2) I can't see how it would help against attacks: any queue has an upper limit, and I can try to kill all other traffic by sending at a crazy high rate with or without ECN. Most AQM mechanisms operate probabilistically (well, not CoDel), based on an average (delay or queue length), and I can't see how sometimes dropping instead of ECN-marking packets would help against such sources.

> The present version of codel in linux has no overload protection. It
> will merrily keep marking packets until the packet limit is exceeded,
> then drop, rather than drop at any threshold. Thus ecn is disabled by
> default in that version.

Why? It will drop anyway when the total queue length is exceeded.

> There have long been several patches being
> tested in cerowrt (and available for all to try) that attempt various
> methods to do this more sanely, which I have also reported here. The
> two we have settled on will hopefully be comprehensively evaluated
> this summer.
> There was (last I looked) no way to do ecn in ns2, and support for ns3
> has not quite landed yet as best I recall.
> We viewed fq_codel with/ecn as safe to deploy, due to the flow
> isolation, and that is still mostly true. For the hardware
> implementation however, we dropped the search all queues portion of
> the algorithm (see last paragraph of section 5.1 of the fq_codel
> draft) and are still in search of saner ways to find the largest
> queue(s) to search in parallel.
> We added a mildly smarter version of overflow protection to the linux
> version of pie, but it misbehaves when random numbers are excessively
> random, dropping when it should probably still be marking.
> None of this is directly applicable to the language of the document,
> except by better explaining multiple things to naive users.
> 1) enabling ECN by itself accomplishes nothing, unless there is an AQM
> on the bottleneck link(s) also

Isn't this blindingly obvious, even by the definition of ECN in RFC 3168?

> I note that stuart cheshire did not fully grasp this duality until I
> worked closely with him on:
> He's a smart cookie. Others aren't. More context around ECN is needed.
> 2) That application developers blithely enabling ecn is potentially
> dangerous to the health of the network.

I have neither seen evidence nor consensus of this being correct.

> It would seem intuitive to a gamer, perhaps, to mark all their packets
> with ECN, so that by god, all their packets got through. (it's not
> only intuitive, but other forms of sparse traffic can also benefit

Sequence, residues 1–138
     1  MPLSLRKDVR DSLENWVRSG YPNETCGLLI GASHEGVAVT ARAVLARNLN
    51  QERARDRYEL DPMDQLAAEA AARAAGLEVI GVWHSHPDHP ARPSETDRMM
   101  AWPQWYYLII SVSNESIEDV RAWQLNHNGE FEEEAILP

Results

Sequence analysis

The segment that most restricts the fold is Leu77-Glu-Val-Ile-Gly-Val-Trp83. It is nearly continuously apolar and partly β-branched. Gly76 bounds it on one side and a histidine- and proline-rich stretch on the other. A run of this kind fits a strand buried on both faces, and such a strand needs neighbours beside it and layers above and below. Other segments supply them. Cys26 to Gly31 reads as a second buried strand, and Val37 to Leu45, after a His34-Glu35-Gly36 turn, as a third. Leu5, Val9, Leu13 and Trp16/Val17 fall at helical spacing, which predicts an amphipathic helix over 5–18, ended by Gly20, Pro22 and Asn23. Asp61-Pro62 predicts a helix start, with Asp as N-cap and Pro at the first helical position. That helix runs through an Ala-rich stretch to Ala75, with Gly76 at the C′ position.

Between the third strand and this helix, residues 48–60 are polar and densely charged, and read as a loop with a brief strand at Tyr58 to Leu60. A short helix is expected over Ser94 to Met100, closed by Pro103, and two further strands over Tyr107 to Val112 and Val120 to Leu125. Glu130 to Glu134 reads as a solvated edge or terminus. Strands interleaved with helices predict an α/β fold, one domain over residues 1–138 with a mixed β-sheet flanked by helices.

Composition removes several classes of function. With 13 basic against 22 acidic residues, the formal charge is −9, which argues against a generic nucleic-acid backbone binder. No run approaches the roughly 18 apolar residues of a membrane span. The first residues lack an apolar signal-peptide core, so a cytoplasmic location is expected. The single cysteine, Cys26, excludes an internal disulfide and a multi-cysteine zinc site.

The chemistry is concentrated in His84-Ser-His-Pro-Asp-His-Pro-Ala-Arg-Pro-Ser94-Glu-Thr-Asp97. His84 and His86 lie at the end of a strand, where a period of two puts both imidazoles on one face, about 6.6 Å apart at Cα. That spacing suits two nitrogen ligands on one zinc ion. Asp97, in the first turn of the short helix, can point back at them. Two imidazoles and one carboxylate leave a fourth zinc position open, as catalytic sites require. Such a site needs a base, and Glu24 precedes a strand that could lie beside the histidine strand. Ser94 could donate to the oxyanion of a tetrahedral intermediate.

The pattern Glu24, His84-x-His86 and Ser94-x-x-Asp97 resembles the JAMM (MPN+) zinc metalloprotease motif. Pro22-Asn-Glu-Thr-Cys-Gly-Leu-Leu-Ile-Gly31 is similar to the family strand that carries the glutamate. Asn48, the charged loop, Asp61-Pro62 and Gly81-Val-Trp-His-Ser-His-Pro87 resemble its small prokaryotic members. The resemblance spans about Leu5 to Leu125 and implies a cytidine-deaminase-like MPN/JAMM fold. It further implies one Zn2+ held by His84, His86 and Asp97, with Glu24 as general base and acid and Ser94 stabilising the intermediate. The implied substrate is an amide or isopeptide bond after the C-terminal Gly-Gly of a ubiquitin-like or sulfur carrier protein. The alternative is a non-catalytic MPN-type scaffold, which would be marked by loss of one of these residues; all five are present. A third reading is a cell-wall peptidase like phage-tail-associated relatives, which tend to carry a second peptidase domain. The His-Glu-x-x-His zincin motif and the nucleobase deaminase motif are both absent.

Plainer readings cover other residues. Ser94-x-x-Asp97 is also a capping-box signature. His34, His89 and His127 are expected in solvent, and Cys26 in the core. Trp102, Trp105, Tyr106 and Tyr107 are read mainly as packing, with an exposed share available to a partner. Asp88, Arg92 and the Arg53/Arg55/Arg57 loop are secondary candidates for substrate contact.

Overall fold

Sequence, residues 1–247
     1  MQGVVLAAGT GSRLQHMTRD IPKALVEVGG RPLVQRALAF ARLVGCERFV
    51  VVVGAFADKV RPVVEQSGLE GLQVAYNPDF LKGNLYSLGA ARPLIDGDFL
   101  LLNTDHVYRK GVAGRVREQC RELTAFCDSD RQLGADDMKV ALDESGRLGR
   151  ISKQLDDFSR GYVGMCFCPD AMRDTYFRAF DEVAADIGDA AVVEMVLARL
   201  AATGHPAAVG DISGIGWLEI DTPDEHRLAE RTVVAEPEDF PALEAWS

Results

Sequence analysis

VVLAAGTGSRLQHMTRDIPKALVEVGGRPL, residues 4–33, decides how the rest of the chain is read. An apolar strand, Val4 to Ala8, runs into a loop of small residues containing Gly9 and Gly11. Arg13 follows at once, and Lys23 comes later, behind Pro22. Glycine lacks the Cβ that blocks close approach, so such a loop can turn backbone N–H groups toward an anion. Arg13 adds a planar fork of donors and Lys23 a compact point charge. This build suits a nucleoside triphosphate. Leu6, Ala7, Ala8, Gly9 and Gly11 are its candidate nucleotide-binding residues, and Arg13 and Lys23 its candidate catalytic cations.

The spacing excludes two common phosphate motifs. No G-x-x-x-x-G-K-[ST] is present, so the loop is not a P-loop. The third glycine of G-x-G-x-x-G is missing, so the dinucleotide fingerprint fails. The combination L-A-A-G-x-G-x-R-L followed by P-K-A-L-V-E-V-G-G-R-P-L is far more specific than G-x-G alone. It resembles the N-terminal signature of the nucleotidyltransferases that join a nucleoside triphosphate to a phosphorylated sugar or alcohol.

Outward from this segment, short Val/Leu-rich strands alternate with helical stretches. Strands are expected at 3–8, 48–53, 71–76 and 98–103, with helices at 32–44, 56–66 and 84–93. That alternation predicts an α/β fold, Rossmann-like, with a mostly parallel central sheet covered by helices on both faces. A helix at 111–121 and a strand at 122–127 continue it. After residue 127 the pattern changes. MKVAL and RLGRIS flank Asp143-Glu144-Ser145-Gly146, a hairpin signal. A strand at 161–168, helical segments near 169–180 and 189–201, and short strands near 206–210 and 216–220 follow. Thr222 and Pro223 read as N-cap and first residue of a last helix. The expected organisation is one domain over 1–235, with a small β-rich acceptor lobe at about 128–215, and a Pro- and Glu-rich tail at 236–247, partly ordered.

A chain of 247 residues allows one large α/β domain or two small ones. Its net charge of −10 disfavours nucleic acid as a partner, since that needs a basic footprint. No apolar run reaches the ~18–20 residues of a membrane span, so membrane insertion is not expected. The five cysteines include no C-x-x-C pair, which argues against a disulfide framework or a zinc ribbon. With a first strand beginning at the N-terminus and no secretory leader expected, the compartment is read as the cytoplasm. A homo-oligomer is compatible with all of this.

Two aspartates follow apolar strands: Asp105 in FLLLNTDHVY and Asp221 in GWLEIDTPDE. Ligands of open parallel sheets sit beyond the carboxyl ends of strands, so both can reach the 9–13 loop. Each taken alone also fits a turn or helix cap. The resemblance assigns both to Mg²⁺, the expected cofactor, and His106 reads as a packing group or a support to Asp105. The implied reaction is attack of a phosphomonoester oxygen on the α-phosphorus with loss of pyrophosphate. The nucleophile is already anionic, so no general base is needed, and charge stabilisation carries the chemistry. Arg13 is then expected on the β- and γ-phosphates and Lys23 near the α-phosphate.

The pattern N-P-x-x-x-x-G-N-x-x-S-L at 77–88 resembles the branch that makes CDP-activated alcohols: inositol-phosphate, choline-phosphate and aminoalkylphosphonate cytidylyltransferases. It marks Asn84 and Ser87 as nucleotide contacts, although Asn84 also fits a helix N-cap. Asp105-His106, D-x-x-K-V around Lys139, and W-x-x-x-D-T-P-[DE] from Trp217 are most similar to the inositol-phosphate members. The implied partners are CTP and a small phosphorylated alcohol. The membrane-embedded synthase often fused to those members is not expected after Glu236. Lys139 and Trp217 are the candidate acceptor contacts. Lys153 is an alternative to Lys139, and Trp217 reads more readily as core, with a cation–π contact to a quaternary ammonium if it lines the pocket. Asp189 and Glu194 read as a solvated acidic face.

> from being ecn marked. I also did favor the ECN enablement of the main
> frame in the webrtc nada proposal for example. I have marked dns and
> icmpv6 traffic with ECN and watched that do fascinating things to the
> network, also.
> Everyone here is seemingly stuck on ecn + tcp, where I have long felt
> that safer places to innovate were in quic and webrtc.
> ooh! another 6.x section addition:
> 6.x an example where ecn marking can be bad is where the inner header
> is copied to the outer, verbatim, and not copied back.
> this error in code exists in the field today, it is presently in the
> tinc 1.1 vpn system.

Agreed, I think we should address that.

>>>> It is trivial for a malbehaved application/worm/bot to mark all
>>>> its packets with ECN and thus gain priority over other traffic
>>>> not ecn marked.
>>>   This somewhat-paranoid claim rests on several assumptions that I
>>> hope we will recommend against.
> Not paranoid at all. Trivially feasible, and a real potential attack
> vector. If you would like to be scared about how a flood of ecn marked
> packets could do worse damage, you might want to look at the scope of
> attacks that cloudflare has to deal with regularly.

Please share details. I have trouble understanding the danger of ECN.

>>> - the most obvious is an assumption that a tail-drop node will mark
>>>  _instead_ of dropping ECN-capable packets. This is not actually
>>>  possible, and I hope we will strongly deprecate it. Tail-drop should
>>>  drop packets regardless of ECN bits.
> I agree that a tail drop queue will not do ECN. However in an aqm
> system without overload protection, you basically end up with a tail
> drop queue, one that also ends up dropping all the non-ecn marked
> packets.
>>> - there is also an assumption that an ECN-capable transport can mark
>>>  its packets as ECN-capable and then never reduce its sending rate.
>>>  I suppose it could; but not-ECN-capable transports can also never
>>>  reduce the sending rate. :^( And the not-ECN-capable transports